The red-coats wheel about, and return to the Camp. Look out! the roof of the back part of the hotel, falls in! “Hurrah! boys, here’s the porter and ale with the chill off.”

Bottles are handed out burning hot—the necks of two bottles are knocked together! — Contents drunk in colonial style. — Look out! the roof, sides and all fall in! — An enormous mass of flame and smoke arises with a roaring sound. — Sparks are carried far, far into the air, and what was once the Eureka Hotel, is now a mass of burning embers!

The entire diggings, in a state of extreme excitement. — The diggers are lords and masters of Ballaarat; and the prestige of the Camp is gone for ever.



Source:
Raffaello Carboni. The Eureka Stockade: The Consequence of Some Pirates Wanting on Quarter-Deck a Rebellion, Public Library of South Australia, Adelaide, 1962 [facsimile of the 1855 edition], pages 21-23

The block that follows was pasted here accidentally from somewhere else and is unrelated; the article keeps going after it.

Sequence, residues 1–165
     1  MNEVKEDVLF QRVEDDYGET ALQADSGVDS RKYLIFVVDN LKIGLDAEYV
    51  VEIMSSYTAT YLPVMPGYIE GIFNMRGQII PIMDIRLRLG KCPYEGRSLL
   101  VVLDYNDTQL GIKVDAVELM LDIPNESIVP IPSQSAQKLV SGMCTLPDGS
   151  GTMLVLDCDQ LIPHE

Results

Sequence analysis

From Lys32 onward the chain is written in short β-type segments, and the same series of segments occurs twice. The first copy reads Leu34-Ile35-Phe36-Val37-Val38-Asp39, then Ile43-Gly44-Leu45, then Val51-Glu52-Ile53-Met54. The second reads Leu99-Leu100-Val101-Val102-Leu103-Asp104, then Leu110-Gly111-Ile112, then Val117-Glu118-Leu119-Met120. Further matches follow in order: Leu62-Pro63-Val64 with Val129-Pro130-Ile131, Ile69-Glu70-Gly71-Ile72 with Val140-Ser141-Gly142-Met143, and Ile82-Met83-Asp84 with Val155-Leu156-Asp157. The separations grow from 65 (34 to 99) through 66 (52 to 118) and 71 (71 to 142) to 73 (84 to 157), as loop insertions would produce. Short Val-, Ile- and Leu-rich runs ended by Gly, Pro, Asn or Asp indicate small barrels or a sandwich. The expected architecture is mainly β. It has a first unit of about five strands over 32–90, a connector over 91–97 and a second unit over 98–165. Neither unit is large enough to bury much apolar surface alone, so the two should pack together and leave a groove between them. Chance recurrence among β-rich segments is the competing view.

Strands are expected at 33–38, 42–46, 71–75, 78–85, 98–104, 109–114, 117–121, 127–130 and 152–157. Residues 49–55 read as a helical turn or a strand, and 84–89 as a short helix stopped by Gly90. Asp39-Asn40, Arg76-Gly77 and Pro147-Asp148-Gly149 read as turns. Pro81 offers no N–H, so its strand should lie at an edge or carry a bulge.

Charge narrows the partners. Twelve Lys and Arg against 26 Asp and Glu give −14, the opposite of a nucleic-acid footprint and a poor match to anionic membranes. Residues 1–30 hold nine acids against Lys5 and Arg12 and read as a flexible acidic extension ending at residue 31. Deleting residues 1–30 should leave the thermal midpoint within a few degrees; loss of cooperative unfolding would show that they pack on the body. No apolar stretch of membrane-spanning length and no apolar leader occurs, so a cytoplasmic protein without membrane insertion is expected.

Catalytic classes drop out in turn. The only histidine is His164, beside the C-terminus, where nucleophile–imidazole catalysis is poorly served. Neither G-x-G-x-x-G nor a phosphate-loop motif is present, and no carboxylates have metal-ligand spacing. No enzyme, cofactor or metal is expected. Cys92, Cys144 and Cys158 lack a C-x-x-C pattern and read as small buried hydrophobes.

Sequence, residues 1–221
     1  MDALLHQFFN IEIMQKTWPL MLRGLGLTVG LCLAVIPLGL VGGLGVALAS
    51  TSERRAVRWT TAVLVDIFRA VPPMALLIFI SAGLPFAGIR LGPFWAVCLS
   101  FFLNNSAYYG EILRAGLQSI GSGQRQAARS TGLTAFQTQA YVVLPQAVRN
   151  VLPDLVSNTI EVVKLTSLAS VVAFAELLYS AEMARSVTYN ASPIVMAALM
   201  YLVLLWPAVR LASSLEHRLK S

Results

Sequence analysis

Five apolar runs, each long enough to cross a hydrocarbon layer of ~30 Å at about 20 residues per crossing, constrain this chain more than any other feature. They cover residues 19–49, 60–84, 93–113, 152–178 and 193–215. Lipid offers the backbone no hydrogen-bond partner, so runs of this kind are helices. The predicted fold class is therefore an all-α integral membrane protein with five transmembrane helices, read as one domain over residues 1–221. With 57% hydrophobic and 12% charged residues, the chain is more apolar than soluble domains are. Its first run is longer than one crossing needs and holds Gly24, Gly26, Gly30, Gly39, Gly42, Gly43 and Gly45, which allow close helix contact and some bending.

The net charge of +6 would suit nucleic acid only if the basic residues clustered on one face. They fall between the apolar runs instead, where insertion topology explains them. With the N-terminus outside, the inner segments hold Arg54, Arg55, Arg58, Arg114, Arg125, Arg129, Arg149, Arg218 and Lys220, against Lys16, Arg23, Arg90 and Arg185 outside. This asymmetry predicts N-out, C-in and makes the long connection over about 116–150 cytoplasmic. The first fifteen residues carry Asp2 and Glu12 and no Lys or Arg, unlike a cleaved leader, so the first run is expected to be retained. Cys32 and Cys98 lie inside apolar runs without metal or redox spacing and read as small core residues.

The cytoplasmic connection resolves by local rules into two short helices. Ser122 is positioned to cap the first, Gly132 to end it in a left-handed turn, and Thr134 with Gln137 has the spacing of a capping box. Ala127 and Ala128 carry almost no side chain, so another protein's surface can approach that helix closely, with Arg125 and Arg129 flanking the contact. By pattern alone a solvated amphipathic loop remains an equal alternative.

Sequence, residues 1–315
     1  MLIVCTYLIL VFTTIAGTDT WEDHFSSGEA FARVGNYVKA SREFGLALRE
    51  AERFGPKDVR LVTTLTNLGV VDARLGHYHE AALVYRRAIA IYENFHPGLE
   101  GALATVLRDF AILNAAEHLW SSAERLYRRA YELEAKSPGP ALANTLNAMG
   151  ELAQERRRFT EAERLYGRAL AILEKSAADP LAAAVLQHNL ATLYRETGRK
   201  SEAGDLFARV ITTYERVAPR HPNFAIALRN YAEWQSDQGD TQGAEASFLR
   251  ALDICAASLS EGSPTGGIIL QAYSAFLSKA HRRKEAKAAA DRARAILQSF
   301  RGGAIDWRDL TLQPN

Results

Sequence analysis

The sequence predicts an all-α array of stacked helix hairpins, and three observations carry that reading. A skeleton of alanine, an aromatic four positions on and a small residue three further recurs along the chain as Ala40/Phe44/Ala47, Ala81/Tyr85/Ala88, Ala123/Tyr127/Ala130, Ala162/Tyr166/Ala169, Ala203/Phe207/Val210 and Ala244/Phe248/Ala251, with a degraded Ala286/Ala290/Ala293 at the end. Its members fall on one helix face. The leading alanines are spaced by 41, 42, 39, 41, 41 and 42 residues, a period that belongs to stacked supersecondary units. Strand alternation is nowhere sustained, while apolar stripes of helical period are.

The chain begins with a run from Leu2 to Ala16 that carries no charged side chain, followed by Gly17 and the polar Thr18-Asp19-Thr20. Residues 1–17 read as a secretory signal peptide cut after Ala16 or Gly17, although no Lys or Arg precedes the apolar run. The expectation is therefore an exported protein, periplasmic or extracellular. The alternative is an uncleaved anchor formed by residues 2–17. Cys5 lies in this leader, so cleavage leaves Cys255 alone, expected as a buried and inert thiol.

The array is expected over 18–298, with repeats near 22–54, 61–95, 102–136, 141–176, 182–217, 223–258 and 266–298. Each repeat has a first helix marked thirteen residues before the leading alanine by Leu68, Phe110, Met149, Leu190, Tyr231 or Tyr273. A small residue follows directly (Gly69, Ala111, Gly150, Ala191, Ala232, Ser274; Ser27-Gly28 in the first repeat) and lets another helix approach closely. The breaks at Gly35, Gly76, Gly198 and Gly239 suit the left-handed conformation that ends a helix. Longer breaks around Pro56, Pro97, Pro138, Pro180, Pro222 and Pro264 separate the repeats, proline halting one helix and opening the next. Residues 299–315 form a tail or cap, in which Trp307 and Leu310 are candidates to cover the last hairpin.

Editor’s notes:
nam tua res agitur, paries cum proximus ardet = (Latin) “for your property is in danger when the neighbouring wall [house] is on fire”, or “it is your concern when your neighbours’ wall is on fire”; from Epistles, Book I, section XVIII (line 84), by Horace (Quintus Horatius Flaccus, 65 BC – 8 BC)

References:
nam tua res agitur, paries cum proximus ardet:
Jon R. Stone. The Routledge Dictionary of Latin Quotations: The Illiterati’s Guide to Latin Maxims, Mottoes, Proverbs, and Sayings, Routledge, New York, 2005, page 119 [see entry: “tua res agitur, paries cum proximus ardet”] (accessed 29 December 2012)
Famous Quotes from 100 Great People, Mobile Reference [e-book, 2011, page 1161] (accessed 29 December 2012)
Q. Horati Flacci Epistvlarvm Liber Primvs”, The Latin Library (accessed 29 December 2012)